As a result of the Sino-Japanese War of 1894-95, China lost to Japan the important islands of Taiwan (Formosa) and the Pescadores, lying about a hundred miles off the Chinese coast.
    • 1976, Manabu Sasa, “Filariasis in the Asian Region”, in Human Filariasis: A Global Survey of Epidemiology and Control[5], University of Tokyo Press, →ISBN, LCCN 76-26204, OCLC 2347293, page 458:
      The occurrence of filariasis in the Pescadores was reported by GOTO & HARAYO (1919). TANAKA (1937) examined 229 Chinese dockyard laborers at Makung Navy Base, and found 27 (16.2%) to be positive for the microfilariae of W. bancrofti.
    • 1983 May 15, “ROC to open new beach resort areas”, in Free China Weekly[6], volume XXIV, number 19, Taipei, page 2:
      As summer approaches, residents of Taiwan have been pleased to learn that the government has decided to open up 42 previously restricted areas to the public for recreational purposes. Of the areas, 30 are on the coastline of Taiwan and 12 more are in the Pescadores between Taiwan and the China mainland.
    • 2011, Kissinger, Henry, On China[7], New York: Penguin Press, →ISBN, LCCN 2011009265, OCLC 1025648355, pages 155, 156:
      To deter an attack caused by a misapprehension as to American resolve — as in Korea — Dulles and the Taiwanese ambassador in Washington, on November 23, 1954, initialed the text of the long-planned defense treaty between the United States and Taiwan. However, on the matter of the territory that had just come under actual attack, the American commitment was ambiguous: the treaty applied specifically only to Taiwan and the Pescadores Islands (a larger group of islands about twenty-five miles from Taiwan). It made no mention of Quemoy, Matsu, and other territories close to the Chinese mainland, leaving them to be defined later, “as may be determined by mutual consent.”[...]In the last week of January, they arranged for the passage of a resolution of both houses of the United States Congress authorizing Eisenhower to use U.S. forces to defend Taiwan, the Pescadores Islands, and “related positions and territories” in the Taiwan Strait.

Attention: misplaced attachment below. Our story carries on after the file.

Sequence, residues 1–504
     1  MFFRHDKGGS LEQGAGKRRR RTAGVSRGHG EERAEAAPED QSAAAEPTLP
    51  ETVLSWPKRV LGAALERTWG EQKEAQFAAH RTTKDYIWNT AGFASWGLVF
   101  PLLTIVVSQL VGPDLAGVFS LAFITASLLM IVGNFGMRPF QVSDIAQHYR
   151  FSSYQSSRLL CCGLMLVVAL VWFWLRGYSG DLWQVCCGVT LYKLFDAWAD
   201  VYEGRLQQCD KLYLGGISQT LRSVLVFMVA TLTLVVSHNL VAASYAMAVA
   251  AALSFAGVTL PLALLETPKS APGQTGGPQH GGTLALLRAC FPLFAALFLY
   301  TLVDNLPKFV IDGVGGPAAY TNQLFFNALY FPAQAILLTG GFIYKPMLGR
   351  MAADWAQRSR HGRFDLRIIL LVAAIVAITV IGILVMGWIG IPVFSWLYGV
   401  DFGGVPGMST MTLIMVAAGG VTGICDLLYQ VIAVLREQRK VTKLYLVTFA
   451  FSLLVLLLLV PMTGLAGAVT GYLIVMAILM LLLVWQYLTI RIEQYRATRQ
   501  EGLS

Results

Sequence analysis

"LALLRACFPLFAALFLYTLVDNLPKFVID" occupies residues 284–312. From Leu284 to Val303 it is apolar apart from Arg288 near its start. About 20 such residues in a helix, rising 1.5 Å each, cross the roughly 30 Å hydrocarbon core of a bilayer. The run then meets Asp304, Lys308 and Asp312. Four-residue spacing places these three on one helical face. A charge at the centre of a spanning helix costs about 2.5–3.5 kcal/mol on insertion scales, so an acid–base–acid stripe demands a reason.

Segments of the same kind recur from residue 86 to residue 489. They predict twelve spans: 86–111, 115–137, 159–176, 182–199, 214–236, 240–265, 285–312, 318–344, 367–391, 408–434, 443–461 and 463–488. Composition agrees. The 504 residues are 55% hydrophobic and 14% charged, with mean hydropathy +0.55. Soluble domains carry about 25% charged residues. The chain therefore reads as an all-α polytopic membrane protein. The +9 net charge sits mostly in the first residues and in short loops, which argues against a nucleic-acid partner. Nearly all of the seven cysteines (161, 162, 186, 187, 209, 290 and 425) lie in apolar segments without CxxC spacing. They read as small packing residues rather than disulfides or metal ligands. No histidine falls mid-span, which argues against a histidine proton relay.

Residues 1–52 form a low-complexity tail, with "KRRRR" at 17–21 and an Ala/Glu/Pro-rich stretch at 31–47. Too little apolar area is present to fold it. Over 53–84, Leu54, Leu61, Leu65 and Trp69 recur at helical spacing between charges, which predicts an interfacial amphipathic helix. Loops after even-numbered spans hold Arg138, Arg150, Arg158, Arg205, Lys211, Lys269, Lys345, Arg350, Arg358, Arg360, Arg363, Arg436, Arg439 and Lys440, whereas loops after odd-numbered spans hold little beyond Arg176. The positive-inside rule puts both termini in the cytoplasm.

• 2021 December 20, Tkacik, Jr., John J., “John J. Tkacik, Jr. On Taiwan: The American Constitution and recognizing Taiwan”, in Taipei Times[8], archived from the original on 19 December 2021:
      Let me pose a question: What if President Biden were to exercise his exclusive constitutional authority and issue an explicit White House statement that “the United States does not now recognize, nor has the United States ever recognized, the sovereignty of China over the island of Taiwan and the Pescadores. And furthermore, the United States has repeatedly informed both the government of the People’s Republic of China as well as the Secretariat of the United Nations of this fact.”[...]
      Not so far-fetched would be a “negative” Presidential declaration along the lines described above: “the United States does not now recognize, nor has the United States ever recognized, the sovereignty of China over the island of Taiwan and the Pescadores.” As I have documented in previous “one Taiwan” columns, for seven decades the United States has refused to recognize even Nationalist China’s sovereignty over Taiwan — despite a “US-ROC Mutual Defense Treaty” which was explicitly limited to Taiwan and the Pescadores “administered by the Republic of China.”



Further reading[edit]